Independent car services provider ATU, discount retailer Dollar General, bedding maker Sealy Corp., US Foods and a dozen other companies participating in Kohlberg Kravis & Robert’s Green Portfolio Program have avoided more than 1.2 million metric tons of greenhouse gas emissions, 3.4 million tons of waste and 13.2 million cubic liters of water use from 2008 through 2011.
Collectively, these companies have achieved more than $644 million in financial impact through efforts in energy and water efficiency, operational improvements and better waste handling, KKR says.
The GPP, which is made up of 24 enrolled KKR private equity portfolio companies, was designed to encourage innovation, reduce environmental impacts and improve the financial bottom line of the participating businesses. Of the 24 companies in GPP, 16 reported their results this year (see graphic).
Eight companies added to the portfolio this year, including Del Monte Foods, Capsugel, Kion Group and MMI, are expected to begin sharing results in 2013, said KKR.
Dollar General had some of the best results in terms of avoided emissions and savings.
In absolute terms, GHG emissions at Dollar General’s stores, support center and distribution centers have increased 29 percent compared to a 2007 baseline largely due to an expansion in operations and a substantial increase in refrigerated and frozen product. But over the same time period, efficiency has improved 29 percent and 723,000 metric tons of GHG emissions have been avoided, said KKR. The company recycled 506,000 tons of waste, a step that allowed it to avoid $127 million in waste costs.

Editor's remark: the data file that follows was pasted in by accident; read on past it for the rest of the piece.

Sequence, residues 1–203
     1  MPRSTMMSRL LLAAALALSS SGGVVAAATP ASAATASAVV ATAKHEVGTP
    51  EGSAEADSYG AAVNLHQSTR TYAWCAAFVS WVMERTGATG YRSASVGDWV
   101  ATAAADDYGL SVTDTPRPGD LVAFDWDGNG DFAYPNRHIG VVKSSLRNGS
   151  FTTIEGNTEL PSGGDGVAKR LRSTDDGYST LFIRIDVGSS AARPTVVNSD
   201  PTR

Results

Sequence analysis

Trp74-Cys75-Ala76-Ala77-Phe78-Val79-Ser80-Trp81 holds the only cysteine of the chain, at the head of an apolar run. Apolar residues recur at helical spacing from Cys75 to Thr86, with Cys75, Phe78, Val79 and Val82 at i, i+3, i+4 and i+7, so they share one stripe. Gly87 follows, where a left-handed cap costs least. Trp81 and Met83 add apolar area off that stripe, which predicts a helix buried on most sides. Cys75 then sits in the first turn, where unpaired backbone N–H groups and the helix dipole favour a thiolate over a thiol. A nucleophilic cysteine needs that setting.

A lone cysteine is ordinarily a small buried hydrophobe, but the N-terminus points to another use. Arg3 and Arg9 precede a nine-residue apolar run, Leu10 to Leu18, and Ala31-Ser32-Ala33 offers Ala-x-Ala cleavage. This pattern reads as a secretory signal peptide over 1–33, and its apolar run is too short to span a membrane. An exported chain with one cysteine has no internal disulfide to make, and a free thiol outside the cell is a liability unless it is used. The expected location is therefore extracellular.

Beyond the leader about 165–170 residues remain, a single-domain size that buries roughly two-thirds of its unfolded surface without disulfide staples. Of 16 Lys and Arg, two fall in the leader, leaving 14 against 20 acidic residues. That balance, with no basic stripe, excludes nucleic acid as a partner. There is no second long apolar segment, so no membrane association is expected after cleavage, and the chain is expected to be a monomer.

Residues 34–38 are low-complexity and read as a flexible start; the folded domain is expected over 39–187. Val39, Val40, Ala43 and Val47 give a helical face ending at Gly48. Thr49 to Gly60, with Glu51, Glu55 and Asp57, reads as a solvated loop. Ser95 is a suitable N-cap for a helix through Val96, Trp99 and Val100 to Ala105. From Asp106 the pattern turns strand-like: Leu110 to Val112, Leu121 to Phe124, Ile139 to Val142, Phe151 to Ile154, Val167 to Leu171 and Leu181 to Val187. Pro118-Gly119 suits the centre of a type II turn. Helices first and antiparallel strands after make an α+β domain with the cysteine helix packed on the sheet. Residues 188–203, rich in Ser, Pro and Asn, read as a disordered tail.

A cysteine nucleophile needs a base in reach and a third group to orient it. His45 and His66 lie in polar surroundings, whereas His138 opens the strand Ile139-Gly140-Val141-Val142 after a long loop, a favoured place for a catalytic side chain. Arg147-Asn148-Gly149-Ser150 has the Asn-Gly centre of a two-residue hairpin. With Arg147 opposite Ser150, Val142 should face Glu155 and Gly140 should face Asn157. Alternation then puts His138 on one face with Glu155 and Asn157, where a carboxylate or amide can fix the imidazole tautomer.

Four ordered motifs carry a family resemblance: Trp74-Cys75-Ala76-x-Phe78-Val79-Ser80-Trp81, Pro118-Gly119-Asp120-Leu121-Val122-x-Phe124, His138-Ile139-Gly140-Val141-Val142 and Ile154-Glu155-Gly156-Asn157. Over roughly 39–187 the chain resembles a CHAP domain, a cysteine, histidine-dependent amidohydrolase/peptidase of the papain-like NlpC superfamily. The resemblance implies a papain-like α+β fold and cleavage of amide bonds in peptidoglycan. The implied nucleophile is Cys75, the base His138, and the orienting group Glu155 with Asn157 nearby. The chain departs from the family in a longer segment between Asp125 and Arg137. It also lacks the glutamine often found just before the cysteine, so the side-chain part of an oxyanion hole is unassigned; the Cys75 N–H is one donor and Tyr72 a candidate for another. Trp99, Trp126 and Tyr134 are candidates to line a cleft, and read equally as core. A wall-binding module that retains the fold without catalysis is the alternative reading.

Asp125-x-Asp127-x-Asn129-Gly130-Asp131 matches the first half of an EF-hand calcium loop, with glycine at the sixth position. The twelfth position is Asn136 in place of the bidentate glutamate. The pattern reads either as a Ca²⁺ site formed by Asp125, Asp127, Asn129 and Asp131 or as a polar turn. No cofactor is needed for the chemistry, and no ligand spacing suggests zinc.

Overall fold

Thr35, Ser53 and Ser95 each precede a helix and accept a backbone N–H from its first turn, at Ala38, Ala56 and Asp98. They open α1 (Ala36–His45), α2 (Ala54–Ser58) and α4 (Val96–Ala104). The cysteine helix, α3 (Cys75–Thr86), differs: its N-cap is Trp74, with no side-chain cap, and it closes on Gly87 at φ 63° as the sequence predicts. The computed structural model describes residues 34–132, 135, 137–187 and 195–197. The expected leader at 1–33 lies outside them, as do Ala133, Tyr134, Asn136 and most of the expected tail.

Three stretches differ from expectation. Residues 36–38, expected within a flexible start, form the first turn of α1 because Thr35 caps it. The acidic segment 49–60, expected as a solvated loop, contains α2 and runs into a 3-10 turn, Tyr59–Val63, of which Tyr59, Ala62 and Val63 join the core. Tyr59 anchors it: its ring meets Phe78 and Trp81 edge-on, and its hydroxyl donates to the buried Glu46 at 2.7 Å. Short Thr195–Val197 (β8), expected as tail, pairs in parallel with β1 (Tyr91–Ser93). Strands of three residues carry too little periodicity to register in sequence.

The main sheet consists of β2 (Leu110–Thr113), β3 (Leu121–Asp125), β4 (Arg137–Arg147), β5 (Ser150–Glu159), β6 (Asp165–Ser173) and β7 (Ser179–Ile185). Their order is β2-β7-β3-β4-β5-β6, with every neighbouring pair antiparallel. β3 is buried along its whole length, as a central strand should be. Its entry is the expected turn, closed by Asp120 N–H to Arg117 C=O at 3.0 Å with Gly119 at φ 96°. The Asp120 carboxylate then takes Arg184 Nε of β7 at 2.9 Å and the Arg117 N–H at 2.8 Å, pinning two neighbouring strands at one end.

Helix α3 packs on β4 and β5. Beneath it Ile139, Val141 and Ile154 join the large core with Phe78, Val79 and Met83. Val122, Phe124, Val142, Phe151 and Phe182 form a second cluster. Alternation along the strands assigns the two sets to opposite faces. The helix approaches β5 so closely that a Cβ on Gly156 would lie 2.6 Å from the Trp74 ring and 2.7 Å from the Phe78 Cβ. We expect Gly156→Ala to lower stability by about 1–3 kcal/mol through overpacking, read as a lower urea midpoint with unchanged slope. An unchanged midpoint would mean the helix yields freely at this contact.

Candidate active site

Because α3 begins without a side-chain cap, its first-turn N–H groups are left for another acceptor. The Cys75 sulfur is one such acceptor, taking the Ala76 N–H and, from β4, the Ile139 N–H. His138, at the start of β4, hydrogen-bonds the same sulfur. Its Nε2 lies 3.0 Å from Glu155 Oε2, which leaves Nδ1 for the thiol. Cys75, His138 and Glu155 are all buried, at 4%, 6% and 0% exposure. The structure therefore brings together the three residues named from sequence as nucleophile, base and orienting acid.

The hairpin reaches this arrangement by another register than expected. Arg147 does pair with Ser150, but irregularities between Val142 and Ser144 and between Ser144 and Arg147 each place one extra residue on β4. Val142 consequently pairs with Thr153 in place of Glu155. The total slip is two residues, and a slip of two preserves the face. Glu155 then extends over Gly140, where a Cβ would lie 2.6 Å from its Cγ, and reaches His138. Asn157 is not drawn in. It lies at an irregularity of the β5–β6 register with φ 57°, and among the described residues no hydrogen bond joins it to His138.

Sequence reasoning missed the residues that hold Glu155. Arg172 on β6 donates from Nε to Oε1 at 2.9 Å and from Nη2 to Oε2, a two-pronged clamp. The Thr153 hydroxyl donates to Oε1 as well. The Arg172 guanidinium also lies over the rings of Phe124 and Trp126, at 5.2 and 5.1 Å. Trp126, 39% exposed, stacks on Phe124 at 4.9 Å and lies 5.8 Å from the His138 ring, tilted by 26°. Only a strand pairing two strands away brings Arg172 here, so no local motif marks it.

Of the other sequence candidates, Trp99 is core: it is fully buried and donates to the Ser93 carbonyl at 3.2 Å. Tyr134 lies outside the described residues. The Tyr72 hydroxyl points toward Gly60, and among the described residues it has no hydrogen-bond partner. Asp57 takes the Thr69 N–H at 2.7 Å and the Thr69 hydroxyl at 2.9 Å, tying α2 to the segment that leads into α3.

Another standout was Wild Flavors, which avoided 5,700 mt of GHGs, 2,400 tons of waste and 83.6 cubic meters of water use. The company’s efficiency, based on GHGs emitted per ton of product, has improved by 15 percent.
On the other hand, Sealy’s GHG emissions from manufacturing plants have increased 2 percent compared to a 2008 baseline, while efficiency has declined by 12 percent (based on GHGs emitted per unit shipped) over the same period. The decline in efficiency is associated with a drop in the number of units shipped as well as an increase in square footage.
Over the same time period, however, the company has reduced bedding scrap by 35 percent, while productivity has improved by 12 percent, based on pounds of scrap per unit produced. Sealy also has reduced landfill waste from its secondary bedding market by 26 percent, according to the report.